$(“#GMT”).load(“/TimeAjax/TimeServlet”, {timeid: “GMT”});

$(“#newyork”).load(“/TimeAjax/TimeServlet”, {timeid: “newyork”});

This is a series of requests for items that have the id of local, GMT and newyork respectively. They all call the servlet with different timeids to tell the servlet what time zone to display back. These requests are sent out when the “Show Times” button is clicked.

<td><span id=“local”> span>td>

<td><span id=“GMT”> span>td>

<td><span id=“newyork”> span>td>

These are the three table cells that are going to be changed when the responses come back.

Servlet

Here is the code for the TimeServlet that services the requests from the webpage. It grabs the timeid from the request and uses java.text.SimpleDateFormat to format the current time into the respective time zone.

public class TimeServlet extends HttpServlet {

private static final long serialVersionUID = 1L;


/**

* Default constructor.

*/

public TimeServlet() {
// TODO Auto-generated constructor stub

}

/**

* @see HttpServlet#doGet(HttpServletRequest request, HttpServletResponse response)

*/

protected void doGet(HttpServletRequest request, HttpServletResponse response) throws ServletException, IOException {

String timeid = request.getParameter(“timeid”);

System.out.println(“timeid is “ + timeid);

if (timeid != null && timeid.length() > 0 ) {

response.setContentType(“text/xml”);

response.setHeader(“Cache-Control”, “no-cache”);

Calendar cal = null;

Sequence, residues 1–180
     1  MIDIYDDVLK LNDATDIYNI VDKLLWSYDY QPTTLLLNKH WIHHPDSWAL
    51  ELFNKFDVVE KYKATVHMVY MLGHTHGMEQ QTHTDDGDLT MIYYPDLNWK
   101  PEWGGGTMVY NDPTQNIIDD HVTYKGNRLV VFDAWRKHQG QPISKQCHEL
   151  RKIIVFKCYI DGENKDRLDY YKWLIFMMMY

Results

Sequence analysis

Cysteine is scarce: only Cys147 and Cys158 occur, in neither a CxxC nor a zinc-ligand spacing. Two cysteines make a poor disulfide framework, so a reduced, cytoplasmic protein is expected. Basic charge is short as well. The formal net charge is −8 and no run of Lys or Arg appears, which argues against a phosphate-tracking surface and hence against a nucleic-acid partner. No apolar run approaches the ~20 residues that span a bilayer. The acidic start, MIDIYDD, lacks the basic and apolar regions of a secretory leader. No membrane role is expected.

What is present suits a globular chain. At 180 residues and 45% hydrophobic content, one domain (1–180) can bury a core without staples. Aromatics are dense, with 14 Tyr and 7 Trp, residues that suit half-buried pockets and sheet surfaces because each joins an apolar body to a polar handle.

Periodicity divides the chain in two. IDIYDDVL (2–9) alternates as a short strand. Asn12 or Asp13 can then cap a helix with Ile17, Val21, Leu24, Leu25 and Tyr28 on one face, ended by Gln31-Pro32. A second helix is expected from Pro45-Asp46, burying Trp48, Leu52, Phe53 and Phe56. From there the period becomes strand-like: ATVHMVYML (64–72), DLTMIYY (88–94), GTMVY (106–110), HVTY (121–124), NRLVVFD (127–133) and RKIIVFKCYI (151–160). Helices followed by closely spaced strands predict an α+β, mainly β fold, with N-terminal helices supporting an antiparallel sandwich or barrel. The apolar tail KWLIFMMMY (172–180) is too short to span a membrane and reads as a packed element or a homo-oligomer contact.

String dateformat = “HH:mm”;

SimpleDateFormat format = null;


if (“local”.equals(timeid)) {

System.out.println(“in local”);

cal = Calendar.getInstance();

format = new SimpleDateFormat(dateformat);

response.getWriter().write(“” +

format.format(cal.getTime())+ “”);

} else if(“GMT”.equals(timeid)) {

cal = Calendar.getInstance();

format = new SimpleDateFormat(dateformat);

format.setTimeZone(TimeZone.getTimeZone(“GMT”));

response.getWriter().write(“” + format.format(cal.getTime()) + “”);

} else if(“newyork”.equals(timeid)) {

TimeZone tz = TimeZone.getTimeZone(“America/New_York”);

cal = Calendar.getInstance();

format = new SimpleDateFormat(dateformat);

format.setTimeZone(tz);

response.getWriter().write(“” + format.format(cal.getTime())+ “”);

} else {

response.getWriter().write(“cannot find timeid”);

}

} else {

response.getWriter().write(“there is no timeid”);

}

}

/**

* @see HttpServlet#doPost(HttpServletRequest request, HttpServletResponse response)

*/

protected void doPost(HttpServletRequest request, HttpServletResponse response) throws ServletException, IOException {

doGet(request, response);

}

}

The real work happens in the doGet method.

String timeid = request.getParameter(“timeid”);

Here is where the timeid passed from the Ajax request is pulled from the HttpServletRequest. The passed timeid variable is tested for validity to ward off any NullPointerExceptions.

The below code details what I did to display the time for the local time zone.

if (“local”.equals(timeid)) {

System.out.println(“in local”);

cal = Calendar.getInstance();

format = new SimpleDateFormat(dateformat);

response.getWriter().write(“” + format.format(cal.getTime())+ “”);

}

This is easy because Java defaults to the local locale and time zone. It gets trickier for GMT and the New York time zones but not too much because all that needs to happen is setting the time zone of the formatter.

else if(“GMT”.equals(timeid)) {

cal = Calendar.getInstance();

format = new SimpleDateFormat(dateformat);

format.setTimeZone(TimeZone.getTimeZone(“GMT”));

response.getWriter().write(“” + format.format(cal.getTime()) + “”);

}

This is repeated for the New York time zone using the “America/New_York” time zone.

Last Thoughts

This is another tool in the toolbox for web development. It allows web components to be more interactive enhancing the user experience on your website. It can also be used to further separate presentation and business logic. If you have any comments or questions about this post, please leave them below.